Category: Realistic, Urban
Author: Walter Dean Myers
Summary:Reese is in juvenile detention for stealing prescription pads for the local dealer. Because his rehabilitative potential is high, he has been chosen to pioneer the work program for the prison, and works at a nearby nursing home cleaning and spending time with the elderly Mr. Hooft. Though Hooft is antagonistic and often racist, Reese slowly begins to appreciate him, particularly after hearing the stories of Hooft’s internment in a children’s camp during World War II. Meanwhile, back at the prison, several inmates have selected a smaller boy, Toon, as the target of vicious harassment. When the guards do nothing to stop the impending fights that could get Toon killed, Reese steps in, and is punished for fighting to save Toon’s life. As Reese continues to get caught between trying to stay out of trouble and trying to stay alive, the people in his life believe in him less and less, especially when police return to the jail attempting to pin him for dealing the drugs that got a local addict killed. With only Mr. Hooft and his baby sister Icy who still keep the faith, Reese must struggle daily to maintain the hope that not only can he survive his prison sentence, but that he can make a better life for himself once he is back out on the streets.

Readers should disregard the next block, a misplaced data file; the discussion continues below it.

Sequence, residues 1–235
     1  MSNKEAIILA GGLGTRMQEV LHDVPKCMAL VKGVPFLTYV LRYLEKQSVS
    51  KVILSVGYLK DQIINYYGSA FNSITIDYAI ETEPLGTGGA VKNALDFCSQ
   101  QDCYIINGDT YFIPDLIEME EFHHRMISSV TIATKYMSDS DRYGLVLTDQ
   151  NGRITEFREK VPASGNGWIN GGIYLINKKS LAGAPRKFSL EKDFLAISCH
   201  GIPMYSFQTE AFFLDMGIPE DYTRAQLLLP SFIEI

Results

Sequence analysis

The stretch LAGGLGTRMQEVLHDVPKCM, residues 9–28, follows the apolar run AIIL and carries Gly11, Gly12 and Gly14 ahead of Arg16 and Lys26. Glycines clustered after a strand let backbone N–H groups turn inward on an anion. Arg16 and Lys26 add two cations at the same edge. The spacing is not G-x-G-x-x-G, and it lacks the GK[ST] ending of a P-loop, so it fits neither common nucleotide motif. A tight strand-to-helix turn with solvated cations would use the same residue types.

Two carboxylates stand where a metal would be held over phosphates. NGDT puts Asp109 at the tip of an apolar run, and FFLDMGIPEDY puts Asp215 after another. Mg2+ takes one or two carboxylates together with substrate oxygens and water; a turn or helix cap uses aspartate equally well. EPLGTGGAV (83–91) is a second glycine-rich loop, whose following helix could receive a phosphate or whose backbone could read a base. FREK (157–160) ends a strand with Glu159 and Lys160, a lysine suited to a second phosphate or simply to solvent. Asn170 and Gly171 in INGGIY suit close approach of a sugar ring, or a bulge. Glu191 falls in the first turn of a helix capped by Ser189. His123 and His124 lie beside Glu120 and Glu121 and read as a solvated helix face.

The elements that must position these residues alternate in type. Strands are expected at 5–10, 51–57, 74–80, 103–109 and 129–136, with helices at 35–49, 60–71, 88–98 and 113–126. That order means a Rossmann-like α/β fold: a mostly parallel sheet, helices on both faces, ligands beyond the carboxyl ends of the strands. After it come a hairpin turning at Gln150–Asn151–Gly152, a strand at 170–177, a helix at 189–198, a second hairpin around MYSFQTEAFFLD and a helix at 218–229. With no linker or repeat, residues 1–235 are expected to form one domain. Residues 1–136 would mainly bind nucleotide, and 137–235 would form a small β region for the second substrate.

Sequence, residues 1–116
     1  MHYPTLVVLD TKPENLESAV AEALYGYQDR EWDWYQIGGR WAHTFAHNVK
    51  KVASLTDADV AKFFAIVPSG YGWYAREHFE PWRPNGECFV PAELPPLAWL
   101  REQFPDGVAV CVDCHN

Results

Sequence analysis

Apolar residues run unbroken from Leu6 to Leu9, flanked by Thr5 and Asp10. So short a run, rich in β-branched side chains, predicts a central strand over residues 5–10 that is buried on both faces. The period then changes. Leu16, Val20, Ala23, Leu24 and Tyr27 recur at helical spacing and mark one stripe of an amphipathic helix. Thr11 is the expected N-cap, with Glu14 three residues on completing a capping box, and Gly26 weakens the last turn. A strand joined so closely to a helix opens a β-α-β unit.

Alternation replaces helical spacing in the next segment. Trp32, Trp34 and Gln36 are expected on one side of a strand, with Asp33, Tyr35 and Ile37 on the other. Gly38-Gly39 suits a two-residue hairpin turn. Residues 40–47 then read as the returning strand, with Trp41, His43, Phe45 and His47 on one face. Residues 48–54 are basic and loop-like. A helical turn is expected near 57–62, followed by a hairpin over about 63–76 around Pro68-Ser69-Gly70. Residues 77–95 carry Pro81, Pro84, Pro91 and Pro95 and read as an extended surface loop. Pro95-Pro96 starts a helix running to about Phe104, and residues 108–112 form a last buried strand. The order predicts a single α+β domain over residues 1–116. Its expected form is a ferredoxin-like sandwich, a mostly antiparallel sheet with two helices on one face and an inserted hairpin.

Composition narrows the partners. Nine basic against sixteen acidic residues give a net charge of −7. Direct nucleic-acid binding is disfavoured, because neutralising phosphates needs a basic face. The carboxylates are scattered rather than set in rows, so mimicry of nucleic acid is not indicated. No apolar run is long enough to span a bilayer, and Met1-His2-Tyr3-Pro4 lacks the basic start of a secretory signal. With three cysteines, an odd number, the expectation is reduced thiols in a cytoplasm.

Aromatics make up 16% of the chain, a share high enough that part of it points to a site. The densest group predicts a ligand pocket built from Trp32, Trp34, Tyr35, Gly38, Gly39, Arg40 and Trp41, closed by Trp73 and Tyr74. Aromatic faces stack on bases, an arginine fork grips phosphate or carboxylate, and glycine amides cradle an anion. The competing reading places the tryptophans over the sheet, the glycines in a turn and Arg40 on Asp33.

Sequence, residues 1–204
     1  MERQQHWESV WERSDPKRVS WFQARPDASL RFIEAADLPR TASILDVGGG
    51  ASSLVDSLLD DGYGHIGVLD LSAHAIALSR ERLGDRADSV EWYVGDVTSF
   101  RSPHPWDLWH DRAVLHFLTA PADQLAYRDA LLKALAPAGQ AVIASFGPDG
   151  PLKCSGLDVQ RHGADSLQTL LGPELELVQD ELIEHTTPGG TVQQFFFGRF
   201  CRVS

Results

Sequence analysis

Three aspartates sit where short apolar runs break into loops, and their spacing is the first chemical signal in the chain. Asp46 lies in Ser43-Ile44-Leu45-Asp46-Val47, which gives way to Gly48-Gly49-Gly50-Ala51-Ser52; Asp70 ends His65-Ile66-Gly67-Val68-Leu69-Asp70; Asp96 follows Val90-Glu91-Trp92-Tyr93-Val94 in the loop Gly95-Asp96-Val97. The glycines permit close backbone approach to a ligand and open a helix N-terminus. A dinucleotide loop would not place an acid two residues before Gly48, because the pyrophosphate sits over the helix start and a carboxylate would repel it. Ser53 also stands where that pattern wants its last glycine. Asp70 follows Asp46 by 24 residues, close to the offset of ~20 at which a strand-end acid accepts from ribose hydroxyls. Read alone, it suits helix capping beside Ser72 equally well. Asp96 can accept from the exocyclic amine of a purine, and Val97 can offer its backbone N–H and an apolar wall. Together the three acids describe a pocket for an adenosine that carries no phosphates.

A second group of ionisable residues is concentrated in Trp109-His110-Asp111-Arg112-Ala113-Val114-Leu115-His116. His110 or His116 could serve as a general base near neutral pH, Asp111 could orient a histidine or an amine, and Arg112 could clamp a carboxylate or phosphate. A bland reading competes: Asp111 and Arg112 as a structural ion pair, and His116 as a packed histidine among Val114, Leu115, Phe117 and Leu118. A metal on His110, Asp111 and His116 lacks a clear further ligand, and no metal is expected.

Review:This story is a good alternative for younger students who may not be ready for the graphic details or controversy of Monster, but can still connect with the basic content of Myers’ more intense works.
Walter Dean Myers is adept at writing for some of the overlooked teens of today, particularly minority males. While Monster is a graphic, highly controversial glimpse inside the prison system, Lockdown contains similar messages of hope and persistence in a version friendlier to younger students. Reese is a beautifully complex character, and Myers does a wonderful job of overlaying both the traditional “attitude” and hostility often seen in young African-American males on top of Reese’s true concern for his little sister, wish to prove himself and have someone care, fear of the streets, and honest desire for a better life. Myers also allows readers a fair glimpse at the vicious cycle and destructive nature of the prison system; the conclusion in which Reese does manage to get out and build a better life for himself gives readers a satisfying end, but it is tempered by the failure of most of Reese’s fellow inmates to do the same. Though the book does offer hope to young people at risk of similar fates, it deals honestly and soberly with the myriad of destructive elements that can keep someone from reaching his potential. A powerful read that lends itself to thought, connections and discussion, Lockdown will find a strong welcome among its target audience.